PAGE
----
The Wireless Tipping Point

Why Wireless Operators are Shifting Focus from Capex to Opex

In the book, Tipping Point, author Malcolm Gladwell describes a tipping point as “the moment of critical mass, the threshold, the boiling point.” The point where the sociological scale tips and “ideas and products and messages and behaviors spread like viruses do.”  Gladwell gives interesting observations of how once unknown products and behaviors reach the “tipping point” and become wildly popular and eventually commonplace.  I argue that such a phenomenon will occur in the near future in the wireless industry.  No, I am not making some bold prediction but rather simply pointing out an obvious fact – with nearly everyone in possession of a cell phone, the cellular industry is nearing market saturation and is transitioning into the mature phase of the business life cycle. 

In the cellular industry, operators rapidly blew through the introduction phase and are deep into the growth phase where it has been for the last ten to fifteen years.  With the onset of the maturity phase, however, comes the cellular tipping point. 

Here’s Business 101. When companies reach the maturity phase of the business life cycle they attempt to prolong a product’s life span by stretching this phase for generations.  It is a business school fundamental that the best way to prolong this phase is to reinvent yourself as many times as possible and simultaneously optimize margins.  While struggling as of late, the auto industry is a classic example of success in this endeavor.  Each year they introduce new models of old cars aimed at getting consumers to trade-in for a new/improved version. But auto makers only paid attention to one side of the equation. It has been the mismanagement of opex over the last several decades that has caused American auto manufacturers to falter – they simply can’t compete with foreign manufactures that can produce an equal or better car with substantially lower labor costs per vehicle. 

Back to the cellular industry. Operators are making the same competitive adjustments to their products.  Each carrier is upgrading their networks to the next “G” in an effort to reinvent themselves faster than Madonna. They are introducing new über-cool handsets so quickly you’re in constant phone-envy and the end of your two-year contract comes slower than a child’s Christmas morning. 

But unlike the auto industry, don’t think operators are ignoring opex. FierceWireless recently published an article entitled, “Operators now playing the opex game”, which points out that mobile operators can no longer focus on subscriber acquisition to grow and that they are now focusing on opex in an attempt to manage margins. While I have been forecasting this phenomenon as “the perfect storm” ever since AGL published my first article, I want to declare again that the tipping point is very close.  Over the next twelve to twenty-four months I argue that key industry executives and Wall Street analysts will make the reduction of wireless opex such common speak that the masses will shift from focusing on capex and speed-to-market to scrutinizing operating margins.  Are you prepared for this tipping?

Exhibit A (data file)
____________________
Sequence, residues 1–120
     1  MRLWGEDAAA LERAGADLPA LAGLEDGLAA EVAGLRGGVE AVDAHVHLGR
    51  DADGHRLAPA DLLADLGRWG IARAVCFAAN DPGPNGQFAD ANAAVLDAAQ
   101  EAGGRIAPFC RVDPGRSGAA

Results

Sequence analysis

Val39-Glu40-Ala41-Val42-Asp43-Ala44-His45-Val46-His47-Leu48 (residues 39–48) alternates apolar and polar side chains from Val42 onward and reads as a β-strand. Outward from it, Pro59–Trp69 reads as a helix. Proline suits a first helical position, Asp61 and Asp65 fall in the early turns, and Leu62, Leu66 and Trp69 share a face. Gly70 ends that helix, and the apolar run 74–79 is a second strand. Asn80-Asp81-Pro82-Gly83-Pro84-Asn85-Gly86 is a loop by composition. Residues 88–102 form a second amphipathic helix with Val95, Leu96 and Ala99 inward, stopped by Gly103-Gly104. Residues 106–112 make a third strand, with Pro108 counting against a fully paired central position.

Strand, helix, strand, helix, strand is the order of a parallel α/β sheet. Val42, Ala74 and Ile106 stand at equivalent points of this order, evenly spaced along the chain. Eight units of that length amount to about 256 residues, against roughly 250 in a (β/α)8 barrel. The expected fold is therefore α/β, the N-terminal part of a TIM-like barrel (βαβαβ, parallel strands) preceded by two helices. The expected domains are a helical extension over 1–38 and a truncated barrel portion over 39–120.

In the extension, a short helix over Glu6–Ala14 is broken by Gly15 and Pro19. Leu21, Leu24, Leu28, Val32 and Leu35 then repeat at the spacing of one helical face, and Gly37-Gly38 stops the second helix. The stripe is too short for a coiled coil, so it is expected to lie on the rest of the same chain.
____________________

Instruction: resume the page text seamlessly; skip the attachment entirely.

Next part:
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The Perfect Storm for Wireless Operators

Clooney

According to Wikipedia a “perfect storm” is an expression that describes an event where a rare combination of circumstances will aggravate a situation drastically.” The term gained popularity when George Clooney stared in a film called The Perfect Storm (based on the book by Sebastian Junger of the same name) about the 1991 Halloween Nor’easter in which three weather conditions combined to generate a perfectly fierce and deadly situation:

• warm air from a low-pressure system coming from one direction,
• a flow of cool and dry air generated by a high pressure from another direction, and
• tropical moisture provided by Hurricane Grace.

Today in both Europe and North America, the wireless industry shows its own combination of circumstances which could create a future perfect storm:

market saturation – it is estimated that 85-90% of Americans own a cell phone and the number in many European countries are estimated to be at or over 100%,
cheaper “all-you-can-eat” rate plans – in the USA, all of the four major carriers offer voice/data plans for $99/month and Metro PCS offers voice plans for as low as $50/month, and
increasing OPEX – the two largest expenses for wireless carriers are payroll and rent roll and both are inflating.

It doesn’t take a meteorologist to forecast enormous pressure on cellular operating margins. And it is safe to assume that cellular operators have and will continue to focus on this issue.

On the revenue side of the equation, operators will battle it out for the final 10-15% of market share, and operators will continue to search for more ways to increase ARPU by adding cool apps and services as well as introducing cooler handsets to encourage subscribers to remain loyal and/or switch to their service. The iPhone/Blackberry battle is the classic example of this.

On the expense side, these conditions place pressure on payroll and rent roll and operators are looking for ways to lower OPEX. Expect to see more outsourcing and tighter cost controls. Also expect to see more rigorous scrutiny applied to lease costs. With annual rent rolls in the billions, operators will be keeping a close eye on the rent expense.